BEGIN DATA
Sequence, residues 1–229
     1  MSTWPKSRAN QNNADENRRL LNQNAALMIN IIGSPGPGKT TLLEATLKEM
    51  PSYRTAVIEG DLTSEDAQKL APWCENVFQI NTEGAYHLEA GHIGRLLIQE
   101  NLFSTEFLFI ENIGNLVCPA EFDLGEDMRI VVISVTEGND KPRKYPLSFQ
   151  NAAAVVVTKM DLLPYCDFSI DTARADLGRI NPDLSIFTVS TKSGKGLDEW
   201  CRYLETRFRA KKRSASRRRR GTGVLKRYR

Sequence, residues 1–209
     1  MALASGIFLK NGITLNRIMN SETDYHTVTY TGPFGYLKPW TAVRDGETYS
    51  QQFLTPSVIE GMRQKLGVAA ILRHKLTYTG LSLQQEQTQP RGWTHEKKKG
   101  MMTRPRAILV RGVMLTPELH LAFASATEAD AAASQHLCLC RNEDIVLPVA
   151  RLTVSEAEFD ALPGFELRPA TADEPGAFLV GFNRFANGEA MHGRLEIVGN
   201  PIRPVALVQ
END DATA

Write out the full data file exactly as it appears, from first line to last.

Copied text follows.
Sequence, residues 1–229
     1  MSTWPKSRAN QNNADENRRL LNQNAALMIN IIGSPGPGKT TLLEATLKEM
    51  PSYRTAVIEG DLTSEDAQKL APWCENVFQI NTEGAYHLEA GHIGRLLIQE
   101  NLFSTEFLFI ENIGNLVCPA EFDLGEDMRI VVISVTEGND KPRKYPLSFQ
   151  NAAAVVVTKM DLLPYCDFSI DTARADLGRI NPDLSIFTVS TKSGKGLDEW
   201  CRYLETRFRA KKRSASRRRR GTGVLKRYR

Sequence, residues 1–209
     1  MALASGIFLK NGITLNRIMN SETDYHTVTY TGPFGYLKPW TAVRDGETYS
    51  QQFLTPSVIE GMRQKLGVAA ILRHKLTYTG LSLQQEQTQP RGWTHEKKKG
   101  MMTRPRAILV RGVMLTPELH LAFASATEAD AAASQHLCLC RNEDIVLPVA
   151  RLTVSEAEFD ALPGFELRPA TADEPGAFLV GFNRFANGEA MHGRLEIVGN
   201  PIRPVALVQ